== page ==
Fighting fire with fire: Syria calls for jihad on jihadists

BEIRUT Mon Mar 11, 2013 9:34pm IST

A Free Syrian Army fighter points his weapon as others take position in the Al-Khalidiya neighbourhood of Homs March 6, 2013. REUTERS/Muhammad Ibrahim/Shaam News Network/Handout

A Free Syrian Army fighter points his weapon as others take position in the Al-Khalidiya neighbourhood of Homs March 6, 2013.

Credit: Reuters/Muhammad Ibrahim/Shaam News Network/Handout

Related Topics

BEIRUT (Reuters) - One of the pillars of President Bashar al-Assad's leadership is secularism, but nearly two years into a fight which it says is spearheaded by hardline Islamist terrorists, Damascus has decided to employ its enemy's tactic: jihad.

The highest official Sunni Muslim body in Syria, closely linked to the government, issued a religious decree on Sunday calling on Syrians to join the military, which it called both "a national and a religious duty".

The Dar al-Ifta council said members of the Syrian army "raise up the words of God in our beloved country" in their "defence and jihad for Syria."

"We appeal to all people in Syria to stand in one rank along with the Syrian Arab Army," the council said in a statement.

Syria's revolt started with widespread peaceful protests demanding democratic reforms but turned into a civil war after Assad's forces shot dead demonstrators and arrested thousands.

Four decades of Assad family rule, who are from the minority Alawite sect, is now threatened by majority Sunni rebel groups.

Some Sunni Muslim clerics within Syria and abroad have called for jihad, or Islamic holy war, to topple Assad and some rebel units are bolstered by foreign fighters.

Residents of Damascus who heard the fatwa, or religious edict, delivered on Sunday on state TV seemed puzzled.

"Since when does our government issue a fatwa for jihad?" asked one elderly woman. "I think Bashar really is losing it. He has no connection to reality whatsoever."

The head of Dar al Ifta, Grand Mufti Ahmad Badreddin Hassoun, is a staunch supporter of Assad and lost his son in a rebel ambush in October 2011. But many of Syria's majority Sunnis do not support Hassoun.

Syria is calling up former soldiers from the reserves to active army service to bolster its 300,000 strong army, as many conscripts are failing to report for duty.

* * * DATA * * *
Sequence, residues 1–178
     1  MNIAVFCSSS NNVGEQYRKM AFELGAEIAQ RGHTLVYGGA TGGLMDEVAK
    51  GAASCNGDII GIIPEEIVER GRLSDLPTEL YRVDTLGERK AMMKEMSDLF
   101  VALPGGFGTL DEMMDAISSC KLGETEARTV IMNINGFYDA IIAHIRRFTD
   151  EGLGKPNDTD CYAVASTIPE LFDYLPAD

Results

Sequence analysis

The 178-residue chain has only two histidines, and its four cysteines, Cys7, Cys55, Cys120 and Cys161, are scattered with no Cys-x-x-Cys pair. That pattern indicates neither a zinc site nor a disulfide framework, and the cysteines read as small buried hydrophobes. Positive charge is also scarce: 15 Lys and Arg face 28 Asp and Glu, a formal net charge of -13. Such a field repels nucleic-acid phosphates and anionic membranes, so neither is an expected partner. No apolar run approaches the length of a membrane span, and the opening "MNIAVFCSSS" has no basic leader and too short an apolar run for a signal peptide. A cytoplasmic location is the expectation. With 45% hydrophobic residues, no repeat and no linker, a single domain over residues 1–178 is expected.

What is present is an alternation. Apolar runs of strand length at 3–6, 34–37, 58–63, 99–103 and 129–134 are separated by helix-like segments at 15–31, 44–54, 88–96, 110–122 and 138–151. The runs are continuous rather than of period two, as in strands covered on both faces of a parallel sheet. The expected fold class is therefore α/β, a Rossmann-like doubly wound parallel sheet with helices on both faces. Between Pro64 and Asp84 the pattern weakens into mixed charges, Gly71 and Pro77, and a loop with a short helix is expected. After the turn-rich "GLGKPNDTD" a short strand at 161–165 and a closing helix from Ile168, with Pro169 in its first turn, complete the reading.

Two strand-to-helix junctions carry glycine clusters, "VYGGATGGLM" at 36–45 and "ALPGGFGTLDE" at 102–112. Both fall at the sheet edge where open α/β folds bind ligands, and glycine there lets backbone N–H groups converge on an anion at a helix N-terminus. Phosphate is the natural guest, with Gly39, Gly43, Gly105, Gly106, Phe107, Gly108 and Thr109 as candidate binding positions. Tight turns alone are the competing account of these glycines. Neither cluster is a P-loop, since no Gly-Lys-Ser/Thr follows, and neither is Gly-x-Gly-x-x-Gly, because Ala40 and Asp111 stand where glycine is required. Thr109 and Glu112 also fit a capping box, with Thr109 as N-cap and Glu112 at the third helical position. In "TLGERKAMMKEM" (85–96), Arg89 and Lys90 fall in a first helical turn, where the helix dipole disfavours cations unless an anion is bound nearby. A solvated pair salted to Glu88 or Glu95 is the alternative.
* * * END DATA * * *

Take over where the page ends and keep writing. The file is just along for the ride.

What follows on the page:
"I think (Assad) must be going nuts," said a man in his forties who asked to remain anonymous. "He must really be feeling the heat to pull something like this. He must be feeling more and more isolated."

(Editing by Jon Hemming)

FILED UNDER:
Comments (0)
This discussion is now closed. We welcome comments on our articles for a limited period after their publication.

  • Most Popular
  • Most Shared

KOREA FERRY TRAGEDY

REUTERS SHOWCASE

Author Marquez Dead

Author Marquez Dead

Nobel winner Garcia Marquez, master of magical realism, dies at 87.  Full Article 

Life Out There?

Life Out There?

Scientists find Earth-sized world in orbit friendly to life.  Full Article 

Nuclear Diplomacy

Nuclear Diplomacy

Iran cuts sensitive nuclear stockpile, key plant delayed - IAEA.  Full Article 

Ukraine Violence

Ukraine Violence

Four-way talks call for end to Ukraine violence.  Full Article 

Algeria Polls

Algeria Polls

Algeria's Bouteflika camp claims election win, rival alleges fraud.  Full Article 

Ebola Outbreak

Ebola Outbreak

Death toll from Guinea Ebola outbreak rises to 122.  Full Article 

Snowden & Putin

Snowden & Putin

Runaway spy Snowden is surprise guest on Putin phone-in.  Full Article 

Sectarian Violence

Sectarian Violence

U.S. envoy Power urges Myanmar action to stop Rakhine violence.  Full Article 

Reuters India Mobile

Reuters India Mobile

Get the latest news on the go. Visit Reuters India on your mobile device.  Full Coverage